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How to use Discord on Xbox One

The Discord on Xbox One app is the perfect way to keep in touch with your friends while gaming, and make sure they're up to date on all your latest Xbox exploits. It doesn't matter who you are or what you're playing, Discord is there for you.

And it's not just with fellow Xbox gamers. Discord lets you stay in touch with tens of millions of PC gamers — and maybe one day PlayStation players will join the fold now Discord is coming to PS5. Discord's popularity dwarfs other gamer-friendly apps like TeamSpeak or Skype, and makes communicating and coordinating an absolute breeze. Plus, setting up Discord on Xbox One is very simple, here's how to do it.

Discord lets gamers communicate with voice and text, create parties and groups, and see what all their friends are playing. Previously that last part was limited to PC gamers, but with Xbox One integration all Discord users can see what their Xbox-toting friends are enjoying.

1) Create a Discord Account.

Credit: Discord / Tom's Guide

(Image credit: Discord / Tom's Guide)

The first step is to create your own Discord account, which is easy to do and completely free. Select a username, set a password, and include your email address, and you're good to go. Just make sure that it's a real email address, because Discord will want to verify it. Discord accounts can be created on the mobile app, desktop app, or Discord's website.

2) Link your accounts.

Credit: Microsoft

(Image credit: Microsoft)

Head to your Xbox One and select your gamertag, which can be found on the upper left-hand corner of the screen. Pick Settings, which is under Home and System menus. From there click Account and select Linked social accounts. You'll be prompted to enter your accounts passkey, after which you need to select the Discord tile to get the account-linking process started.

3)  Use the Discord app.

Credit: Microsoft

(Image credit: Microsoft)

Head to the Discord app, either on phone or desktop, and select Settings. That's the one that looks like a gear. After tapping that pick Connections and Add. Once that's done you'll need to pick the Xbox logo.

4) Enter your PIN.

Credit: Discord / Tom's Guide

(Image credit: Discord / Tom's Guide)

After selecting the Xbox logo, a PIN will appear on your Xbox One's TV screen. Enter it in the Discord app and your accounts will link instantly.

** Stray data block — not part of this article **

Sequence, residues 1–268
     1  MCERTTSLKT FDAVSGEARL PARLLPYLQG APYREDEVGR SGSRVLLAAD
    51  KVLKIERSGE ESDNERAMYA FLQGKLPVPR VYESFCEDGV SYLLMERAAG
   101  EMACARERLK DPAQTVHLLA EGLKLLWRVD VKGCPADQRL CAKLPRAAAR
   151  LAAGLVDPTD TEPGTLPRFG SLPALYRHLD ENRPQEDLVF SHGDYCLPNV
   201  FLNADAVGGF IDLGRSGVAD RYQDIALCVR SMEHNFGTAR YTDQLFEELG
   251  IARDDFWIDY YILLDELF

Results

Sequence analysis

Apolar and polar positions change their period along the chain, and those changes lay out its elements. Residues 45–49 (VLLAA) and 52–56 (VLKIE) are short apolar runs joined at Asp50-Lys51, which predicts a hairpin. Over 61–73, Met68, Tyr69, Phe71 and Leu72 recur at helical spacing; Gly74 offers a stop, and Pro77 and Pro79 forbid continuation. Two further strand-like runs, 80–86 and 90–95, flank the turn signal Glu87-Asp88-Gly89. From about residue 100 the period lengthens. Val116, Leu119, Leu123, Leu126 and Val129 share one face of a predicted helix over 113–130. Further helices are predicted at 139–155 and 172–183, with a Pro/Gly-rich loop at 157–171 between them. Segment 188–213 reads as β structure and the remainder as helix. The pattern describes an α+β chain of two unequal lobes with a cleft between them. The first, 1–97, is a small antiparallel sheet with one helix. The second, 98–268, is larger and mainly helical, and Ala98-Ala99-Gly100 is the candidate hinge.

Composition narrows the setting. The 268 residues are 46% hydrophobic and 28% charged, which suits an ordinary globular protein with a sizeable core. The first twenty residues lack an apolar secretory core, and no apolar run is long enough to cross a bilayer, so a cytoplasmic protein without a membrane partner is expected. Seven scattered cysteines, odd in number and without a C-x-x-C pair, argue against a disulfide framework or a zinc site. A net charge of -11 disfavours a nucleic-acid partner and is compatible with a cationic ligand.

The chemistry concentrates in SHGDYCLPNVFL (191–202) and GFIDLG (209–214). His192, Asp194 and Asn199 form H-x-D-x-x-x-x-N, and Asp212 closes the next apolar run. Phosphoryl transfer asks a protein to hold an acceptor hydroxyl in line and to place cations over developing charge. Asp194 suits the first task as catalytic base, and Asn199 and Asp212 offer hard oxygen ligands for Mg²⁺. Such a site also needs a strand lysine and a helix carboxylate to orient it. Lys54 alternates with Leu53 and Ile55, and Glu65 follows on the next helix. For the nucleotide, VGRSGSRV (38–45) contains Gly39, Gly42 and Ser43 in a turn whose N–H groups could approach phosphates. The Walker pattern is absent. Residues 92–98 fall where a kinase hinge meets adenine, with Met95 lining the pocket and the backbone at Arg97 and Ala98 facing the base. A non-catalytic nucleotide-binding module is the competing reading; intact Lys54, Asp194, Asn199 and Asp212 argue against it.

Discord on Xbox One: Overall impressions

As neat as it is to have linked Xbox and Discord profiles, Xbox's Discord integration is severely limited. Given the app has been available on Xbox One for over three years now, there's no telling when the situation might improve.

Right now the only this this cross-platform Discord integration can do is show what you and your friends are playing on Xbox One. And only Xbox One, because Discord isn't available on Xbox Series X or Series S.

This may be useful for coordinating your gaming sessions with friends, but it's only a small sample of what Discord has to offer on PC. In fact the lack of cross-platform voice chat is a huge omission when Microsoft brought the service into the Xbox ecosystem. 

Communication is a huge part of why Discord is so popular after all. Without that feature, and without parties and groups, the Xbox One's barebones Discord integration is hardly what you'd call a must-have.

Currently, from either the PC or mobile Discord app, the only functionality of this new cross-platform integration is that you can see what your friends are playing on Xbox One.

Then again, if you're an Xbox gamer and have a lot of friends who tend to play on PC, it might be worth the 5-minute setup time to link accounts and give your pals an easy way to see when you're gaming.

Tom Pritchard

Tom is the Tom's Guide's Automotive Editor, which means he can usually be found knee deep in stats the latest and best electric cars, or checking out some sort of driving gadget. It's long way from his days as editor of Gizmodo UK, when pretty much everything was on the table. He’s usually found trying to squeeze another giant Lego set onto the shelf, draining very large cups of coffee, or complaining that Ikea won’t let him buy the stuff he really needs online.